Out of love, out of obligation, or maybe out of a sense of simply doing what’s right by your loved one, you may have suddenly found yourself in the shoes of 1 out of 2.5 million unpaid carers in Australia.
There is no doubt that being a carer for a loved one is rewarding. However, the role often comes with a price tag of sacrificing your quality of life in order to meet the needs of another. It’s a formula for high stress and debilitating exhaustion, especially if you do not dedicate the time to take care of your own physical, emotional and spiritual needs.
The signs of carer burnout include:
- Changes in eating habits, either eating for comfort or losing your appetite
- Physical exhaustion, where you feel tired most of the time
- Withdrawing from, or losing interest in, activities you once enjoyed
- Becoming unusually impatient, irritable or argumentative
- Frequent emotional swings
- High levels of fear or anxiety
- Lowered immunity resulting in frequent sickness
- Feeling a sense of guilt or shame, or doubting your ability to assist the person you care for
- Loss of compassion, or feeling resentful of the person you care for
Many of these symptoms are also experienced in a depressive episode and can feel just as overwhelming. If you feel you are experiencing these symptoms it’s important to act now and prevent the effects of burnout becoming even more consuming or devastating.
Five strategies that can be helpful in preventing burnout include:
1. Join a carer support group
One way to help cope with the challenges or isolation you might feel as a carer is to join a carer support group. Being part of a group can help you feel understood. The right group can give you practical and emotional support and let you share experiences. If you can’t attend meetings, some groups offer telephone support or online forums where carers can connect with others and offer tips, information and emotional support.
2. Dedicate time to keeping healthy and active
If you spend a lot of time caring for others, you’ll know that it can be physically and emotionally challenging. Finding the time and the motivation to eat well, sleep well and exercise can be hard to do but it’s worth the effort. Not only will this help you relieve stress, it will also release chemicals in your brain that make you feel happier and more positive. If you’re unable to go for a brisk 20-minute walk each day, try and break up the time in to 3-5 minute chunks throughout your day.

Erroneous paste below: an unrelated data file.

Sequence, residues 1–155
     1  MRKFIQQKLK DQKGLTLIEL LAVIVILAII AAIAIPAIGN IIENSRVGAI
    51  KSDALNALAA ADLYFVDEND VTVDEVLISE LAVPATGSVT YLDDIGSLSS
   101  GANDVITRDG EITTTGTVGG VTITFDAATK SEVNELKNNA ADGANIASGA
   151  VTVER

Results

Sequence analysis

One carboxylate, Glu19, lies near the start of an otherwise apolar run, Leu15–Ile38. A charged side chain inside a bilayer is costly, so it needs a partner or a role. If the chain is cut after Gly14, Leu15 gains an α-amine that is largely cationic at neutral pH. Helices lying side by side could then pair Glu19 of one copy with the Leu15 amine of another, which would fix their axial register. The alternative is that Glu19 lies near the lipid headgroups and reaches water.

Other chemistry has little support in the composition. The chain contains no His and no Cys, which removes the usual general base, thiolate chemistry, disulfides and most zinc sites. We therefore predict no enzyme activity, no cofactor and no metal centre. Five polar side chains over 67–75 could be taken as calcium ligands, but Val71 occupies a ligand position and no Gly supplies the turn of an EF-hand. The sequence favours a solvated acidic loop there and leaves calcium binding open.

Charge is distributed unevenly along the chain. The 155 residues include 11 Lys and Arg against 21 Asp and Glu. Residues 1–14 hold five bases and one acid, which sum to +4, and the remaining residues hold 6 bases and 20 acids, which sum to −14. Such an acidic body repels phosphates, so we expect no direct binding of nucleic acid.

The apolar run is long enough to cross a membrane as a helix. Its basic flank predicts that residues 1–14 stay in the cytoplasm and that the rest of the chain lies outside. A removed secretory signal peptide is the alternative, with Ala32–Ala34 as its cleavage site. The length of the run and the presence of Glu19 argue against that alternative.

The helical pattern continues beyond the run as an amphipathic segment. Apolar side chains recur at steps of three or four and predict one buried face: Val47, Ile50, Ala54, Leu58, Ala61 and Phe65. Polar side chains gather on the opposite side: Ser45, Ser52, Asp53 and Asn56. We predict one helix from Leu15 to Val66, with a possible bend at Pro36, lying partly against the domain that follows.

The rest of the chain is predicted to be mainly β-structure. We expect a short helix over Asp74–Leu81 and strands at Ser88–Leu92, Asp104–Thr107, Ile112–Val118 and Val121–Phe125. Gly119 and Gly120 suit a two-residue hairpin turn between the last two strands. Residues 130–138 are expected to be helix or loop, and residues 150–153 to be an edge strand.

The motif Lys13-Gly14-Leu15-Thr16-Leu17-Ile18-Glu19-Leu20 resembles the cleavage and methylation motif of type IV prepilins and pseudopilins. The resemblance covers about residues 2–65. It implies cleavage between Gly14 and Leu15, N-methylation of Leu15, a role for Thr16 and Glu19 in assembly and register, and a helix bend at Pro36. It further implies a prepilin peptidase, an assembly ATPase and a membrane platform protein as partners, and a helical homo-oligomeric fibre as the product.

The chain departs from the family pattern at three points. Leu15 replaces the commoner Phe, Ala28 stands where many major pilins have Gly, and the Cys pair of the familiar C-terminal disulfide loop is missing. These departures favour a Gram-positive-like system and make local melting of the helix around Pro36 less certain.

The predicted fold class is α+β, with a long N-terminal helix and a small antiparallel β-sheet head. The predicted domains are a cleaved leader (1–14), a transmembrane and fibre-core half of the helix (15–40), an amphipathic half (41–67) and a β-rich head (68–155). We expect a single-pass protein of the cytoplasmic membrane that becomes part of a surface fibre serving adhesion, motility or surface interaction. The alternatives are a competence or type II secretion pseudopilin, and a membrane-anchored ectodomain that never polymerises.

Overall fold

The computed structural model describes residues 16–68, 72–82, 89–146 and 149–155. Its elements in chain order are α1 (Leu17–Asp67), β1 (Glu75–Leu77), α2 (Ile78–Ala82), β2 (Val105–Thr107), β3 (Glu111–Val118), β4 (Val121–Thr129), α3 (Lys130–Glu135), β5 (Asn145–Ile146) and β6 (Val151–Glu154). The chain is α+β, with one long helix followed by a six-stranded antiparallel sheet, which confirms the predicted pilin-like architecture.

3. Foster your social connections
It’s easy to lose touch with the outside world when you’re busy caring for a loved one. However, friends are especially important during times of crisis or turbulence. Reach out to a trusted friend for encouragement and support and stick to the plan to catch up. Try to see other people at least once a week, whether you’re out with friends or visiting with someone in your home.
4. Pencil in a regular date with yourself
“I have come to believe that caring for myself is not self-indulgent. Caring for myself is an act of survival.” – Audre Lorde
As fluffy and indulgent as the phrase “self care” may sound, it’s crucial to your functioning as a carer and a human being. Pencil in a regular break and gift yourself with people, places, things, events and opportunities that recharge your batteries and promote your wellbeing. Then, do everything you can to defend these dates with yourself. This might mean learning to say no to things or scheduling your loved one’s activities around your own occasionally. It’s important to know this is OK to do.
5. Ask for help
If you feel that you’re at your limit, put your hand up and ask for help. Consider reaching out to family, friends and neighbours to help out where they can. If your loved one needs more assistance than you can offer, reach out to a trusted home care provider and ask about what formal help is available.
If you have a loved one in need of home care services, book a complimentary care consultation with My Care Solution today. My Care Solution provides quality in-home care and support services to help older people across Adelaide and the Fleurieu Peninsula live independently.
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